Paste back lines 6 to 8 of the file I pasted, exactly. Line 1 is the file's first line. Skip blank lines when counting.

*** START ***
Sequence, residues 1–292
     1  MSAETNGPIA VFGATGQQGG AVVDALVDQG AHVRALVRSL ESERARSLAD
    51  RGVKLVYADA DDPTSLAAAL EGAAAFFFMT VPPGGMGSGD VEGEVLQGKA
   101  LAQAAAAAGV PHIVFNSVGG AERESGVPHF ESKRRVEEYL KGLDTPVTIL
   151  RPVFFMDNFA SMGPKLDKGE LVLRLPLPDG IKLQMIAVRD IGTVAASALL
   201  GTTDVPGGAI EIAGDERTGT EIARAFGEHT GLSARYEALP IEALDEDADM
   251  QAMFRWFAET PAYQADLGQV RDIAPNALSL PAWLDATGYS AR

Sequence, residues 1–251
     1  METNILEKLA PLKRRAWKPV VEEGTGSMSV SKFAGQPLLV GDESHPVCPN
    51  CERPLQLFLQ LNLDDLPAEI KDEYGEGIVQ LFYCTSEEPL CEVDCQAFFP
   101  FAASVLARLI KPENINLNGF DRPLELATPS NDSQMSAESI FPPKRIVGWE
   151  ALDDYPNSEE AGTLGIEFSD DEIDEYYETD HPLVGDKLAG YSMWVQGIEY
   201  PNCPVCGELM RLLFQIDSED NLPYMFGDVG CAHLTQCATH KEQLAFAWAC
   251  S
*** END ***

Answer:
   201  GTTDVPGGAI EIAGDERTGT EIARAFGEHT GLSARYEALP IEALDEDADM
   251  QAMFRWFAET PAYQADLGQV RDIAPNALSL PAWLDATGYS AR

Sequence, residues 1–251